Also, animal studies have found that tirzepatide, the active ingredient in Zepbound, increases the risk of thyroid tumors in rats. While it is not known if Zepbound has the same effect in humans, people who have a personal or family history of certain thyroid cancers, including medullary thyroid carcinoma and Multiple Endocrine Neoplasia syndrome type 2 (MEN 2), should not take Zepbound.

Zepbound side effects 

The most common side effects of Zepbound include:

  • Nausea

  • Diarrhea

  • Vomiting

  • Constipation

  • Abdominal pain

  • Indigestion

  • Injection site reactions (fever or rash

  • Fatigue

  • Belching

  • Hair loss

  • Gastroesophageal reflux disease (GERD)

Many of these side effects — particularly the digestive ones like nausea, diarrhea, and constipation — are common to medications like Zepbound, Mounjaro, Ozempic, Wegovy, and others. Typically, gastrointestinal side effects range from mild to moderate and are most common when escalating your dose.

For many people, Zepbound is a safe and effective medication for weight loss. In rare cases, however, it may cause serious side effects. These include:

  • Severe gastrointestinal disease

  • Acute kidney injury

  • Acute gallbladder disease

  • Acute pancreatitis

  • Allergic reaction to Zepbound

  • Hypoglycemia (low blood sugar)

  • Diabetic retinopathy (vision loss or damage in people with type 2 diabetes)

  • Depression or suicidal thoughts

People with type 2 diabetes or a history of kidney or gallbladder problems may be at increased risk of experiencing these side effects, so be sure to tell your healthcare provider about any underlying health conditions prior to starting Zepbound. They can adjust your dosage of insulin to avoid hypoglycemia or recommend other safety measures to avoid potential side effects.

How much does Zepbound cost? 

Eli Lilly, the maker of Zepbound, has set the list price for a one-month supply of Zepbound at about $1,060, which is about 20% less than the cost of Wegovy. The actual cost of Zepbound you pay may be higher or lower, depending on your insurance coverage and the pharmacy you use.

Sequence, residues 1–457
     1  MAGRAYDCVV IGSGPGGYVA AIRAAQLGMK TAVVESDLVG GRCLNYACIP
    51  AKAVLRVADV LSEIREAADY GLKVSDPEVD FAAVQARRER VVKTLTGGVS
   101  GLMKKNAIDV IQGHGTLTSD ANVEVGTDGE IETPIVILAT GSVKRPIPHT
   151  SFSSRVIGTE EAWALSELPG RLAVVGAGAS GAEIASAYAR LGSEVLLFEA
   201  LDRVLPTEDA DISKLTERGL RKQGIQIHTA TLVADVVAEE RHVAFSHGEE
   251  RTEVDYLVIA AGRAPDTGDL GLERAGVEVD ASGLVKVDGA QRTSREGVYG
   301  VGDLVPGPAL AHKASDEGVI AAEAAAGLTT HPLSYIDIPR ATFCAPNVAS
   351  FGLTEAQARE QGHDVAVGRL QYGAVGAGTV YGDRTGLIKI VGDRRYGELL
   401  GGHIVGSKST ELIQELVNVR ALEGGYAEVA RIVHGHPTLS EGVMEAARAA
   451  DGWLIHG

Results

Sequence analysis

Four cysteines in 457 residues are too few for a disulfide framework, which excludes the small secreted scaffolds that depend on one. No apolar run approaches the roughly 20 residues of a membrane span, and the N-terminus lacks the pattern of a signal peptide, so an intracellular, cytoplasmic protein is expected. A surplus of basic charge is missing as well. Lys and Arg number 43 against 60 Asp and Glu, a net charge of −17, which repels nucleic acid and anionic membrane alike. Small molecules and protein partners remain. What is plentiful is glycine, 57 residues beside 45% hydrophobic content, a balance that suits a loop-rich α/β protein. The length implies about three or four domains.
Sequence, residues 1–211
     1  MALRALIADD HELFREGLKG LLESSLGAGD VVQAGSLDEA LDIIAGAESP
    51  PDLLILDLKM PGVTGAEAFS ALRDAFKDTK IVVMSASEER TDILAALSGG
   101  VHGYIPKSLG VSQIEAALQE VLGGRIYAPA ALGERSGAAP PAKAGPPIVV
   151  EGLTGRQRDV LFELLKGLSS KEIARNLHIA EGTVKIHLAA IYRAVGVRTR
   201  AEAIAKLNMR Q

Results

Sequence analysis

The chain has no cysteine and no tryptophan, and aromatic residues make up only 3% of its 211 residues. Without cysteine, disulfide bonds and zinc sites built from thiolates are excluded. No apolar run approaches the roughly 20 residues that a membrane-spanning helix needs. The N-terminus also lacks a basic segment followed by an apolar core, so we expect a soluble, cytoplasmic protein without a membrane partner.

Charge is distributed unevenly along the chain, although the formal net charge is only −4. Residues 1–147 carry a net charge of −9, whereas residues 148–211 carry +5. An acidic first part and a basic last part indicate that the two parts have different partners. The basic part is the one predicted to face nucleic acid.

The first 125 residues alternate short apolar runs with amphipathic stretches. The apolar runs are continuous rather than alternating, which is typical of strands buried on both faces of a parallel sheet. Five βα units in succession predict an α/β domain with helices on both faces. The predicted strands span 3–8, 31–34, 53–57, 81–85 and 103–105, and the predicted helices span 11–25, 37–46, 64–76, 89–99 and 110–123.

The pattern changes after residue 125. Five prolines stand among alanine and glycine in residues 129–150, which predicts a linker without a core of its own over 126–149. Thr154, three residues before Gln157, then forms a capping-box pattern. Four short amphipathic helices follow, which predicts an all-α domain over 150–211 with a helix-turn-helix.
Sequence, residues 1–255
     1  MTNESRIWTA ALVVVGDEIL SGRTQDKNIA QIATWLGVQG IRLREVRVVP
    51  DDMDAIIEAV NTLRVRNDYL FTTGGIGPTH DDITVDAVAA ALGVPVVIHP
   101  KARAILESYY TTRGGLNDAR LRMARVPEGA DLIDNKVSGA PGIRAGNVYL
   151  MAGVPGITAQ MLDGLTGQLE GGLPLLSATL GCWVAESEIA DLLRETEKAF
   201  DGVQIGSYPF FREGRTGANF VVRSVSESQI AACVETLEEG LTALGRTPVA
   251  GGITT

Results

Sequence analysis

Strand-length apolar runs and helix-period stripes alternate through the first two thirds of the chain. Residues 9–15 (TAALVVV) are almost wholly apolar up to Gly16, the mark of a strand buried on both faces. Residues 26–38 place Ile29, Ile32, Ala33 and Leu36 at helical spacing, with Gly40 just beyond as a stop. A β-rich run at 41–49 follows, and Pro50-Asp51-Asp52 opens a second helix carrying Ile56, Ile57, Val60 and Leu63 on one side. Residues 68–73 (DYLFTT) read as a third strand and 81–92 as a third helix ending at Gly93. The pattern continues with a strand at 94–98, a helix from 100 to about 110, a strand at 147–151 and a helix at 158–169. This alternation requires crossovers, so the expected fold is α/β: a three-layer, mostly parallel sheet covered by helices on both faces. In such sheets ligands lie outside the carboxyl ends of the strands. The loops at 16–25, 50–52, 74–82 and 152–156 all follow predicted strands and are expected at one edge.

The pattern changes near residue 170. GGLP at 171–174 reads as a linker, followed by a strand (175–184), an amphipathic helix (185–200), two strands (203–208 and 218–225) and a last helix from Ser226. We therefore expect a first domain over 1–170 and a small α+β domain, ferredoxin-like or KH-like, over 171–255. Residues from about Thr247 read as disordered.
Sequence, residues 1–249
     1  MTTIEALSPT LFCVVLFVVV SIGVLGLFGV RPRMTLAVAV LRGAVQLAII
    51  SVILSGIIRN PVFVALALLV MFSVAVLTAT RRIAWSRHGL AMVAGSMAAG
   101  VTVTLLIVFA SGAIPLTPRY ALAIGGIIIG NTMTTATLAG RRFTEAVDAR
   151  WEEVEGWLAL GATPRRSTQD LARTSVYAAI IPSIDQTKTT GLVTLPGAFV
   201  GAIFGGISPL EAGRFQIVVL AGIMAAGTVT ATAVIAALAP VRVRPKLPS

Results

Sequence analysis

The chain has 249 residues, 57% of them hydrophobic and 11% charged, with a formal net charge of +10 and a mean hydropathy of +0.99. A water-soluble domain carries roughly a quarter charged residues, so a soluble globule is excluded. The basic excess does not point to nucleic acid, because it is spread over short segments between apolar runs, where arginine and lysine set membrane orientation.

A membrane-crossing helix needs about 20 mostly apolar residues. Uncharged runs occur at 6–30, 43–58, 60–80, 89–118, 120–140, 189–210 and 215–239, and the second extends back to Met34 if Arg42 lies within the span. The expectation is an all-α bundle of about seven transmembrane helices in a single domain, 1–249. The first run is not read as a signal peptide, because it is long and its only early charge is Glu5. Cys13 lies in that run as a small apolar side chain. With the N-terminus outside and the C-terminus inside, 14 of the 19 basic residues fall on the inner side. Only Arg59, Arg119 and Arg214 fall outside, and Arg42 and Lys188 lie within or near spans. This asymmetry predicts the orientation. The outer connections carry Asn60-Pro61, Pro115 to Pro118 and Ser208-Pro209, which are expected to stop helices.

Eli Lilly offers a Zepbound Savings Card for people with commercial insurance. This coupon brings the cost of a 1- or 3-month supply of Zepbound down to as low as $25 for those with coverage for Zepbound, or $550 for those with insurance but no coverage for Zepbound. Medicare notably does not provide coverage for these medications, although that may change in the future. 

Is Zepbound a good option for you? It could be, especially if you have been struggling to lose weight with diet and exercise alone. If you’re interested in Zepbound, set up an appointment with your health provider or connect with one of our telehealth providers through the Ro Body program, a comprehensive, 12-month weight loss program that includes:

  • Your GLP-1 medication (including Zepbound, if that’s the most appropriate weight loss medication for you)

  • Metabolic testing

  • A personalized treatment plan

  • 1:1 health coaching

  • A step-by-step curriculum

  • Ongoing support from your provider

  • Insurance concierge services to help you get coverage


How we reviewed this article

Every article on Health Guide goes through rigorous fact-checking by our team of medical reviewers. Our reviewers are trained medical professionals who ensure each article contains the most up-to-date information, and that medical details have been correctly interpreted by the writer.

Current version

January 03, 2024

Written by

Amelia Willson

Fact checked by

Yael Cooperman, MD


About the medical reviewer

Yael Cooperman is a physician and works as a Senior Manager, Medical Content & Education at Ro.